WHEN YOU THINK of a dancer, you probably picture a woman. When you think of a dance duo, chances are, you picture a man and a woman. The man is the strong one, the picture frame. He is there to hold and lift and throw and catch and point at the woman, who is the graceful and beautiful one, lighter than air, the "dancer." It's romantic. They're wearing leotards. You're yawning.
What you're not imagining is two kinda hairy dudes tearing each other's clothes off. Right?
For ages, this is how it's been, from ballet to modern dance to tap—Fred and Ginger. And that's mostly still how it is. We still live in a patriarchal, heteronormative society; that doesn't change overnight. But social change has been happening more rapidly recently with respect to gender roles and sexual identity politics: Same-sex marriage is now legal in 13 states (and DC), openly gay citizens of any sex can now serve in the military, and general awareness and acceptance of nontraditional gender presentations are on the rise. Gayness is basically mainstream. People know what transgender and transsexual mean. But we're still not seeing much change in the dance/performance world in this direction. With some notable exceptions.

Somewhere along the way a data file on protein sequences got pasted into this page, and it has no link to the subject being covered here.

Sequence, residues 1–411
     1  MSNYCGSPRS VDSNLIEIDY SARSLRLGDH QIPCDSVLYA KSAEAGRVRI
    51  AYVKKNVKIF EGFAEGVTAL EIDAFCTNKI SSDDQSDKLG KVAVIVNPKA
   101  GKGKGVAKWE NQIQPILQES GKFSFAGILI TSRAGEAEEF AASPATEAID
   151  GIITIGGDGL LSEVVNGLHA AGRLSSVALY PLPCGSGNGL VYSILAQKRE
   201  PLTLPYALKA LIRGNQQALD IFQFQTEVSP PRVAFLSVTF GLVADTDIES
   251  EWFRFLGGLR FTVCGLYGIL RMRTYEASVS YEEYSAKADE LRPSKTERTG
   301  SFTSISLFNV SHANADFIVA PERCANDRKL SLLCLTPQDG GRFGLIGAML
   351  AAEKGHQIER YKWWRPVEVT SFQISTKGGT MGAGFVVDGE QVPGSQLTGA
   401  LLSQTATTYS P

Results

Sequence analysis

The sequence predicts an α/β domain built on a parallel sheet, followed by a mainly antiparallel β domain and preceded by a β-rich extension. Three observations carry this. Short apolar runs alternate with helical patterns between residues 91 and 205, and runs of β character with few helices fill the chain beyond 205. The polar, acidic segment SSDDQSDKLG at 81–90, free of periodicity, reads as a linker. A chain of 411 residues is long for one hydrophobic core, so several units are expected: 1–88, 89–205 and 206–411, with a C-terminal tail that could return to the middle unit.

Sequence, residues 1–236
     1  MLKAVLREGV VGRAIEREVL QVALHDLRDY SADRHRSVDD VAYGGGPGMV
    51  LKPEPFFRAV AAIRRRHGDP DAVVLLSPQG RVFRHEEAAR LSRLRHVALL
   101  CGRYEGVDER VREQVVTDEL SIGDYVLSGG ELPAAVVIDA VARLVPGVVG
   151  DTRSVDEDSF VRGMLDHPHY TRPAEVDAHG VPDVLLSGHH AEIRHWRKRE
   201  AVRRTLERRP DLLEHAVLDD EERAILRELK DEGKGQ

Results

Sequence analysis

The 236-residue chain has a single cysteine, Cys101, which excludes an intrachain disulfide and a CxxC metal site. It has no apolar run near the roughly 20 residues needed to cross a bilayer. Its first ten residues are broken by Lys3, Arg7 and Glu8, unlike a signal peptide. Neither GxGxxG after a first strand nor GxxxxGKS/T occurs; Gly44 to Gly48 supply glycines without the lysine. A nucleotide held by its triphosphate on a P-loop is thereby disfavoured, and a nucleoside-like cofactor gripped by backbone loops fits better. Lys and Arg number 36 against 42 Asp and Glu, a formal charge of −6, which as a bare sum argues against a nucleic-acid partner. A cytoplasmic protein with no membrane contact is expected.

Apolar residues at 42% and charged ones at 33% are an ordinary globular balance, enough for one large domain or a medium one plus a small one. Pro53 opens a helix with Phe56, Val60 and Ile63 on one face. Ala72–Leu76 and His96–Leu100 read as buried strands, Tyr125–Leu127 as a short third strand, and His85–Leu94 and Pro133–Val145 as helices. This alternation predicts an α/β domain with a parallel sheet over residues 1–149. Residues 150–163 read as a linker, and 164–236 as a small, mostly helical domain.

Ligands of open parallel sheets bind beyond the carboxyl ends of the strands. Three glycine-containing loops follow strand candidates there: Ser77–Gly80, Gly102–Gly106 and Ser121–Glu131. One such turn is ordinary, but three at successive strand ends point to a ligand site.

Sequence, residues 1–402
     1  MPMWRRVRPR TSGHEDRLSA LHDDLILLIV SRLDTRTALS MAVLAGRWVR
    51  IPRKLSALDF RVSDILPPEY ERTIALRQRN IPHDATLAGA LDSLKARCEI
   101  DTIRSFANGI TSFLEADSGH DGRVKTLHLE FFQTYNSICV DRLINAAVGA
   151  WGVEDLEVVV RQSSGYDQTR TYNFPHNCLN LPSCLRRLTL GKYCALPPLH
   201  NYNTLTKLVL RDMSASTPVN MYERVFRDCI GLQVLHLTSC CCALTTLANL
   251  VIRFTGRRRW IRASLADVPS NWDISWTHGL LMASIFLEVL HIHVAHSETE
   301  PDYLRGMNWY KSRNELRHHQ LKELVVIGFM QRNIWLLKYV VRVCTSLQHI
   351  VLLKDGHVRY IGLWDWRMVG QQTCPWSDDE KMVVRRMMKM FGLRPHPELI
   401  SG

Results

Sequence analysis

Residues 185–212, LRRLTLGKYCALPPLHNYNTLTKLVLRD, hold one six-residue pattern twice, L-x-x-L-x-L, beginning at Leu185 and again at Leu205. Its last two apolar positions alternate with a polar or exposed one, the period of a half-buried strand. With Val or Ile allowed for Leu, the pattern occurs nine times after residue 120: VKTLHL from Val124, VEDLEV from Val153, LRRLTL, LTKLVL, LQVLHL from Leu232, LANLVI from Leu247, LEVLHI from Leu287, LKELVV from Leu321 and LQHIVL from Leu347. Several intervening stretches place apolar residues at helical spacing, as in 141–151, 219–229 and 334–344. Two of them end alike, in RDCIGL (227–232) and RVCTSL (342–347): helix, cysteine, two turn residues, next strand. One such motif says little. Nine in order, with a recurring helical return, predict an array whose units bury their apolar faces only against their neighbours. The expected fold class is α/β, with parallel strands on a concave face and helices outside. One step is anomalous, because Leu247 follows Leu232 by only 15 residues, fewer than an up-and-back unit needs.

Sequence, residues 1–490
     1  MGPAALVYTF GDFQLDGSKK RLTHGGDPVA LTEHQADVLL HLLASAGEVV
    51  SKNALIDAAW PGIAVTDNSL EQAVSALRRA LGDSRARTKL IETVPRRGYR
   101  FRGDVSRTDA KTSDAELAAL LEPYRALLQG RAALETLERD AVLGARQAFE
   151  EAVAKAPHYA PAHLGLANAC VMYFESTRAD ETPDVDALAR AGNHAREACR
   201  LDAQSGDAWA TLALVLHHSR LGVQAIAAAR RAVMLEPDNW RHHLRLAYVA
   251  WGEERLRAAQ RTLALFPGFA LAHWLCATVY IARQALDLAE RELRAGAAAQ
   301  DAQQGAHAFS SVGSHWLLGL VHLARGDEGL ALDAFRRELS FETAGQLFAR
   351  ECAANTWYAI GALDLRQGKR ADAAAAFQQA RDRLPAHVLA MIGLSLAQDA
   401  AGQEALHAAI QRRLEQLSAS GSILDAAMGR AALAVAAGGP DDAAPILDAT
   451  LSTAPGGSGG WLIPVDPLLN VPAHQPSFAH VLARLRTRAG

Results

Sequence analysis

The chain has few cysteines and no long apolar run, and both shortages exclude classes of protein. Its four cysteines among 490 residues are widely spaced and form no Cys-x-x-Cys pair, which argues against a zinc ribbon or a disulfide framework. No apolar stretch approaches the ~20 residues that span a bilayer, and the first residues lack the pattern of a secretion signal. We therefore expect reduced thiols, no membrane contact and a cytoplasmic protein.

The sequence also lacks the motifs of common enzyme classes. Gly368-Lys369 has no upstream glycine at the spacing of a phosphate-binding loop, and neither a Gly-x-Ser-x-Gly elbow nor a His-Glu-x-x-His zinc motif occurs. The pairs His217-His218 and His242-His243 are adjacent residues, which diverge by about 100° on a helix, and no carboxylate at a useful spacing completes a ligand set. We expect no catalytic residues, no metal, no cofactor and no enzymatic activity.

At 2011's TBA, Kyle Abraham brought us his solo performance Live! The Realest MC, a Pinocchio-based identity piece about the challenges of reconciling homosexuality with the hyper-masculine ideals of black hiphop culture. And this year, we'll see Still Standing You, a very physical performance by choreographers Pieter Ampe and Guilherme Garrido based on their intimate friendship. Ampe and Garrido are Belgian and Portuguese, respectively; they're performing within a world (dance) that has its own fairly rigid standards of masculinity. But they don't care. And that's exactly why they're performing at TBA.
This festival exists to spotlight risk-taking contemporary art that "takes a personal approach and examines the intersections of art and real life," in the words of TBA Artistic Director Angela Mattox. So of course they brought in the goofy and touching and surprisingly intimate male dance duet Still Standing You. Because it's based on an actual friendship, and it's not a beefy man in a leotard holding up a skinny lady with perfectly pointed toes. It's real life, staged.